If you think you already know everything you need to — or want to — about what remains the world’s most iconic night club, the evocative, deep-dive documentary “Studio 54” has news for you.
Viewers inclined to hustle back to the sex-drugs-and-disco-ball late 1970s will find this immersive and entertaining new look at a short-lived but wildly influential New York institution jam-packed with a fascinating wealth of archival visuals, emotional insight, candor and echoes of the kind of ill-fated hubris that exemplified the story’s freewheeling, hedonistic era.
Director Matt Tyrnauer, who directed the fun and dishy documentary “Scotty and the Secret Life of Hollywood,” presents a fairly straightforward (not a bad thing) retelling of how Studio 54 came to be — thanks to visionary college friends and Brooklyn boys Steve Rubell and Ian Schrager. For a few shining years, the flashy club helped propel the age of celebrity and served as a safe haven for gay and transgender people as well as for the rich and famous who wanted to party down.
The loquacious and outgoing (and mostly closeted) Rubell, who died in 1989 at age 45 of AIDS-related complications, is kept alive throughout the film via a plethora of vivid TV news and interview footage, clips and photos of the impresario working the starry crowds both inside and outside Studio (as it was called for short), and a recently shot chat with Rubell’s seemingly close brother, Don.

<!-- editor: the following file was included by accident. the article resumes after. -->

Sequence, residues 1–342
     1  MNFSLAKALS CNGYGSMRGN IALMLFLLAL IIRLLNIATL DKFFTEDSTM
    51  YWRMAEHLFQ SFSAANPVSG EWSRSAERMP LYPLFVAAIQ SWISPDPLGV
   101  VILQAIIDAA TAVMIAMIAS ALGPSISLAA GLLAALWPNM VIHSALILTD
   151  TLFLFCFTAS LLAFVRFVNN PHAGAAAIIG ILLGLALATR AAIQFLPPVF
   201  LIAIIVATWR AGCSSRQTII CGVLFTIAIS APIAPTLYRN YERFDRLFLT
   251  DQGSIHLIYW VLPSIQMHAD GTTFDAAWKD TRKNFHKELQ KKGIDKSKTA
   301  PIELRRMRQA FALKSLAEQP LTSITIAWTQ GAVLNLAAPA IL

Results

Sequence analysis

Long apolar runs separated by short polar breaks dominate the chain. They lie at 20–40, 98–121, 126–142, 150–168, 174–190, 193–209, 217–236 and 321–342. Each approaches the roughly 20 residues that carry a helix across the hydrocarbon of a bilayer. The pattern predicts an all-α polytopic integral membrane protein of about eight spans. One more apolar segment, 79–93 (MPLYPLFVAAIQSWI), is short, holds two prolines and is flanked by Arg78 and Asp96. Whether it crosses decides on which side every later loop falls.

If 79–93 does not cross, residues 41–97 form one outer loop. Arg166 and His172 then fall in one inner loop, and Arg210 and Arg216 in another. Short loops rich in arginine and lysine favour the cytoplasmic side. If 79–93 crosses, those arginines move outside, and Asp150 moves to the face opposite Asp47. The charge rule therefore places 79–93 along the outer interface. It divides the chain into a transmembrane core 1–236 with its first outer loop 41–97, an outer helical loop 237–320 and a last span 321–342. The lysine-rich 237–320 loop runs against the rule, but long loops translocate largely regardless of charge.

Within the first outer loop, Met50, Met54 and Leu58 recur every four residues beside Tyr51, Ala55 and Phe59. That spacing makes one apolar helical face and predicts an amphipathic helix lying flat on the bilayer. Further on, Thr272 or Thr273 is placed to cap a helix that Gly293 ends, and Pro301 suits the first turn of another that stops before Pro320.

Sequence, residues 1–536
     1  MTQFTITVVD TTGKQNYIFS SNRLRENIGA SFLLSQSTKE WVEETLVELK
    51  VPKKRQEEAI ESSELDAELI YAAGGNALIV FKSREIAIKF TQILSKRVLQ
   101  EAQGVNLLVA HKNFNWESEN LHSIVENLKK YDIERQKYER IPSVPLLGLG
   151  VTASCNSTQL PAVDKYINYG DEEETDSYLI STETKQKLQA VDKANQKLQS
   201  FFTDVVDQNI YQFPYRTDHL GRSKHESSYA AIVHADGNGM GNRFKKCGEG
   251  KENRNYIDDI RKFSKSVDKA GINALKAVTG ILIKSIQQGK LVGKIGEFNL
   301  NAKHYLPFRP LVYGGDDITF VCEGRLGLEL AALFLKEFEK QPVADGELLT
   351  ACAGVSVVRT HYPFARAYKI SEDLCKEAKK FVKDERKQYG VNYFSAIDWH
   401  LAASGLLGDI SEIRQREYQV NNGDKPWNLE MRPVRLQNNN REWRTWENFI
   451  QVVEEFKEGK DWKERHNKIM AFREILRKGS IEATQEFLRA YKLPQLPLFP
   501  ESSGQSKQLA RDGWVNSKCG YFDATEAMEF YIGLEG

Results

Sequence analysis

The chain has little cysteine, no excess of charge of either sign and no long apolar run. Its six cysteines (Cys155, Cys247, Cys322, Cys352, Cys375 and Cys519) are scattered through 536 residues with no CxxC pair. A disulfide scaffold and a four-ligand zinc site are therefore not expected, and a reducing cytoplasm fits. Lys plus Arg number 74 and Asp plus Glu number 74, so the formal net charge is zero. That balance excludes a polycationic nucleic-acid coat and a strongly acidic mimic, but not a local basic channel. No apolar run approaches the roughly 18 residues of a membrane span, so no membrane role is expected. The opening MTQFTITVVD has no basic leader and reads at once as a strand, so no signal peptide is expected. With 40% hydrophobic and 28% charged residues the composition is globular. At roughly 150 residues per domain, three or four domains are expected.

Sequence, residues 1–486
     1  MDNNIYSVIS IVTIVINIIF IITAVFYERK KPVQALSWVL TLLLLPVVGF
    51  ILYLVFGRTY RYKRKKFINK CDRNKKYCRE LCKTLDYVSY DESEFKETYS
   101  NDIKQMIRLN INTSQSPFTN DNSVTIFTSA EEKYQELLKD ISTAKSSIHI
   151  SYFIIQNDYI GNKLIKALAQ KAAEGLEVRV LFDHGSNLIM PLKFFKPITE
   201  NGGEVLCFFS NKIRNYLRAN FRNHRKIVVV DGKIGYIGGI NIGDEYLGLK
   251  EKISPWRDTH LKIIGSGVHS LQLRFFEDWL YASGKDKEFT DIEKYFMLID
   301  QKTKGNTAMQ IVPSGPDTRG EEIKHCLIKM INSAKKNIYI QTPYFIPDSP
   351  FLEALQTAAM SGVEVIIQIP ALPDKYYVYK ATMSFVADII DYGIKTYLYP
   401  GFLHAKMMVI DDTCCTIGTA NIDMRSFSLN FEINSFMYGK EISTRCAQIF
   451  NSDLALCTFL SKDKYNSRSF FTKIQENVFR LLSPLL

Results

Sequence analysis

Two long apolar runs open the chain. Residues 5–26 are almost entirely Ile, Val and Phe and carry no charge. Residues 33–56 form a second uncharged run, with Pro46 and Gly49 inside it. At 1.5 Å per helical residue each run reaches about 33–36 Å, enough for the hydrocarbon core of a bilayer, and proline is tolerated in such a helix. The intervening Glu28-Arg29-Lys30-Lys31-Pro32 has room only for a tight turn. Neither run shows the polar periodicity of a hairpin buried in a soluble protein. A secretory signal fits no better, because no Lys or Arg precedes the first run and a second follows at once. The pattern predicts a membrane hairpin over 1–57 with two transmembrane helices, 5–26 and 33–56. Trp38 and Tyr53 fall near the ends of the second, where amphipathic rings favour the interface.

But the film greatly benefits from having the more introverted Schrager still around to provide firsthand insight, with the luxury of 40 years of reflective perspective, into the inner workings of his and Rubell’s legendary creation.
Schrager, now one of the world’s leading hoteliers, kept a low profile during the Studio days, gladly ceding the limelight to pal Rubell. He publicly opens up here, reportedly for the first time, as we learn about the disco’s quick ascent (it was built in six weeks on the grand site of an old CBS broadcast studio — and former opera house — on West 54th Street); its star-studded, mob-scene opening; and events that, in late 1978, led the IRS to raid the mega-successful cash cow, uncovering drugs, cooked books and evidence of serious money skimming.
In his revealing and far-reaching interview, the speech-impeded Schrager, now 72, makes for an obliging witness, though he clearly would rather not dwell too deeply on some of Studio’s seamier elements (and why would he?), particularly the reckless financial shenanigans that landed both he and Rubell in prison.
Tyrnauer has decidedly avoided latter-day interviews with the myriad of living celebs who made regular, much-documented appearances at Studio 54: Liza Minnelli, Bianca Jagger, Mick Jagger, Calvin Klein, Elton John, Diana Ross, Cher, Grace Jones and on and on. Given how much these A-listers show up in the doc’s archival bits, current meet-ups with a few of them wouldn’t have hurt.
The filmmaker does, however, feature useful new chats with designers and technicians who helped turn the disco into a flamboyant, decadent, one-of-a-kind theatrical experience. Studio doorman Marc Benecke, silent partner Jack Dushey and a few other staffers and publicists are also interviewed.
For Top 40 fans, such period dance hits as Sylvester’s “You Make Me Feel (Mighty Real)” and Thelma Houston’s “Don’t Leave Me This Way” are among the many key tunes nostalgically spun here.
Ultimately, “Studio 54” proves a nostalgic, sometimes wistful, other times unsettling look back at a singular period of time: those post-Vietnam, post-Watergate, pre-AIDS-crisis years when glitz, glamour and excess moved to the disco beat and, for a flash, it seemed like the party would never end. But boy, did it ever.
Running time: 1 hour, 38 minutes.
Playing: Starts Oct. 12, Landmark Nuart Theatre, West Los Angeles